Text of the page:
'We aren't making it': US small businesses face uncertain futures

Amanda Holpuch in New York
Photograph: Anadolu Agency via Getty Images

The ice-cream shop Island Pops in Brooklyn usually sees its business pick up from a winter lull this time of year, when the days are longer and the spring weather sets in.

Instead, its doors are closed to walk-in customers at the order of health authorities hoping to stem the spread of coronavirus by keeping people in New York City out of restaurants, bars, gyms and movie theaters.

Related: $1,200 checks for all? What you need to know about the US coronavirus bailout

Across the US small businesses selling coffee, cakes, pilates classes, books and artisanal cheese have popped up over the last decade, changing neighborhoods for the better, revitalizing downtowns. Now all that is under threat.

Loyal customers – and some big businesses – are trying to help. Buying gift cards, making donations. But on its current trajectory the scale this unprecedented crisis means many of these businesses just won’t survive.

Cities and states across the US this week issued similar orders to close restaurants to dine-in customers and close businesses which create crowds, leaving small businesses such as Island Pops uncertain how long it can go on.

“The government should understand that, one, we aren’t making it,” said Shelly Marshal, Island Pops’ co-owner. “And two, if we have to close up, there are five or six people who have to go home without pay. If they can bail the big banks out they can definitely bail small businesses out.”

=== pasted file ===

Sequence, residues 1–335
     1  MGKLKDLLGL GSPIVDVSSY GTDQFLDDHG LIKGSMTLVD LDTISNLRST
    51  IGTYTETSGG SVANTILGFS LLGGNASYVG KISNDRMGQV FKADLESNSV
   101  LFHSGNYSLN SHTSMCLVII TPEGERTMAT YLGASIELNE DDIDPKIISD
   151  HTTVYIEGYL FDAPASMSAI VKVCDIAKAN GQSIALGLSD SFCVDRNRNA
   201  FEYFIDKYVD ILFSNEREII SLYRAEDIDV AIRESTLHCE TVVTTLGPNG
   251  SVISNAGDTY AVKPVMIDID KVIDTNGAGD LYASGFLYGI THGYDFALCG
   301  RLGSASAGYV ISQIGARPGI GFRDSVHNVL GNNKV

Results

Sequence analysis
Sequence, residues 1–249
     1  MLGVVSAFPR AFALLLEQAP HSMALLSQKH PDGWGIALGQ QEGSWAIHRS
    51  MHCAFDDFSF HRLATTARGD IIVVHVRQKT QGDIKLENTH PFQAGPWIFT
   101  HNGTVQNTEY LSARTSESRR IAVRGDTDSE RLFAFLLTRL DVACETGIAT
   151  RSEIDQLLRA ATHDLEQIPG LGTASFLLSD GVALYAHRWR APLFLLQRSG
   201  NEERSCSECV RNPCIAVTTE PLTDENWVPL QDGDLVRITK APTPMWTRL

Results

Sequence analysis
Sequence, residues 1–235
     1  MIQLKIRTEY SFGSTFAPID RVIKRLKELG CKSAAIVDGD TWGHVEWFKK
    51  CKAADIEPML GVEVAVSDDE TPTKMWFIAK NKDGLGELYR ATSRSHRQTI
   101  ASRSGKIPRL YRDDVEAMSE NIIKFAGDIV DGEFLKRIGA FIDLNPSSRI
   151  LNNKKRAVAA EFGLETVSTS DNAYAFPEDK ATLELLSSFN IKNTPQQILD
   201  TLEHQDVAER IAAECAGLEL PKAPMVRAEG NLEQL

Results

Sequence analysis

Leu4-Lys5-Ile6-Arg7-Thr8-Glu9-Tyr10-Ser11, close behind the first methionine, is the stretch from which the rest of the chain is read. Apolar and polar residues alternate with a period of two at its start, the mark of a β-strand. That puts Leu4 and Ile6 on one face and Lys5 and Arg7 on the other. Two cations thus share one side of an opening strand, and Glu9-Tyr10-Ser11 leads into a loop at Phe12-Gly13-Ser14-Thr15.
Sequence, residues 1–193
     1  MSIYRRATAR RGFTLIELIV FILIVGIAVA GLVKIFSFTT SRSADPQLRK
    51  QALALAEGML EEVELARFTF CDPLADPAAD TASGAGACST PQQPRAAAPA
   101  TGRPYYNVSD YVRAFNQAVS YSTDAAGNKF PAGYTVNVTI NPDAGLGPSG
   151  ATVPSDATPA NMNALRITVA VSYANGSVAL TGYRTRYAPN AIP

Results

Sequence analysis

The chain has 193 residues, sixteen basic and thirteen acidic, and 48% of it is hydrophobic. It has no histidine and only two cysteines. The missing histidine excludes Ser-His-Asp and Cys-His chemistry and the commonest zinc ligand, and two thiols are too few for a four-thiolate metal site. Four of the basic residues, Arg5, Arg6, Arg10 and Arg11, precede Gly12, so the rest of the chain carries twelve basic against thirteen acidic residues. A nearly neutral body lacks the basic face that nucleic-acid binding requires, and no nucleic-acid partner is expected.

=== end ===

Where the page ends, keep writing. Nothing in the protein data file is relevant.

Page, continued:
Small businesses are the anchor of the US economy and employed 58.9 million people in 2015. Governments are introducing measures to help ease the burden of forced closures, but business owners are worried that help is coming too little too late as they see an immediate drop in business.

Like countless other businesses, Island Pops is encouraging customers to buy gift cards to use after the crisis passes to try to stem immediate losses. Otherwise, their only other income stream is delivery and pickup orders.

“Even that won’t take us through the month for our responsibilities,” Marshall said. “We have staff, of course we have rent, we have insurance, we have everything that still needs to be paid and we’ve gone through our emergency fund, which is our winter fund.”

As of Thursday morning, Marshall said it was unlikely the business could meet the minimum amount of pints it needs to sell each week. It has even become hard to rely on loyal customers, because they too are losing their jobs, or fearful a recession will limit their funds too.

Marshall said her neighborhood, a gentrifying part of Brooklyn with a lively food and drink scene, has been a “ghost town” this week. During one shift, she commiserated with an independent coffee shop owner, who told her at 2pm she was his fifth customer of the day, after opening at 6am.

Patrick FitzGerald, a lecturer at the University of Pennsylvania’s Wharton Business School, said while people might think the world is technology-focused, small businesses depend on in-person interactions.

“The reality is for 90% of small businesses, it’s face-to-face, one-on-one, transactions,” FitzGerald said. “And at the moment, those have all, for the most part have stalled, so the impact is highly dramatic.”

Technological advances can help, however, and FitzGerald said for any business which has been toying with using video conferencing, at-home delivery or pre-purchasing: “The time is now to deploy those.”

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The federal and local governments are also trying to help. The US Small Business Administration (SBA) said it would provide businesses with up to $2m in low-interest loans to keep them afloat. And New York City is one of several local governments offering loan and grant programs to local businesses.